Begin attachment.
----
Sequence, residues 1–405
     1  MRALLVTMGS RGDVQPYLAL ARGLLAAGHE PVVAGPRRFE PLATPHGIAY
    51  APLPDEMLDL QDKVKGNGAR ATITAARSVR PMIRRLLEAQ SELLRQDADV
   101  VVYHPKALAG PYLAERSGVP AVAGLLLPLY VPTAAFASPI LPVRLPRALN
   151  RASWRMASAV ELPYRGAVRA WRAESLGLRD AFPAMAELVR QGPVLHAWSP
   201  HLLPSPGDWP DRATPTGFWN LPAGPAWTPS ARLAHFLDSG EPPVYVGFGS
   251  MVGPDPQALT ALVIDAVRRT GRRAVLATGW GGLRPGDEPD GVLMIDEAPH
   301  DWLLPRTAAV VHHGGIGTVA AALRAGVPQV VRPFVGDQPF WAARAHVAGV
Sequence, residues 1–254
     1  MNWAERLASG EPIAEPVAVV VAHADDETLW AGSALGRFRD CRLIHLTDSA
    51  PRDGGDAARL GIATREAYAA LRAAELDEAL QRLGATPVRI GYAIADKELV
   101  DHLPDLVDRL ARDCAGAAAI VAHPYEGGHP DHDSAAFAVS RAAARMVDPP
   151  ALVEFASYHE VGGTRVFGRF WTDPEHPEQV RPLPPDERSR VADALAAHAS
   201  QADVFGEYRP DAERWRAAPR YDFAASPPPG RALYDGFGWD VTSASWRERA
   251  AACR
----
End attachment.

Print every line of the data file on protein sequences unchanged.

Sequence, residues 1–405
     1  MRALLVTMGS RGDVQPYLAL ARGLLAAGHE PVVAGPRRFE PLATPHGIAY
    51  APLPDEMLDL QDKVKGNGAR ATITAARSVR PMIRRLLEAQ SELLRQDADV
   101  VVYHPKALAG PYLAERSGVP AVAGLLLPLY VPTAAFASPI LPVRLPRALN
   151  RASWRMASAV ELPYRGAVRA WRAESLGLRD AFPAMAELVR QGPVLHAWSP
   201  HLLPSPGDWP DRATPTGFWN LPAGPAWTPS ARLAHFLDSG EPPVYVGFGS
   251  MVGPDPQALT ALVIDAVRRT GRRAVLATGW GGLRPGDEPD GVLMIDEAPH
   301  DWLLPRTAAV VHHGGIGTVA AALRAGVPQV VRPFVGDQPF WAARAHVAGV
Sequence, residues 1–254
     1  MNWAERLASG EPIAEPVAVV VAHADDETLW AGSALGRFRD CRLIHLTDSA
    51  PRDGGDAARL GIATREAYAA LRAAELDEAL QRLGATPVRI GYAIADKELV
   101  DHLPDLVDRL ARDCAGAAAI VAHPYEGGHP DHDSAAFAVS RAAARMVDPP
   151  ALVEFASYHE VGGTRVFGRF WTDPEHPEQV RPLPPDERSR VADALAAHAS
   201  QADVFGEYRP DAERWRAAPR YDFAASPPPG RALYDGFGWD VTSASWRERA
   251  AACR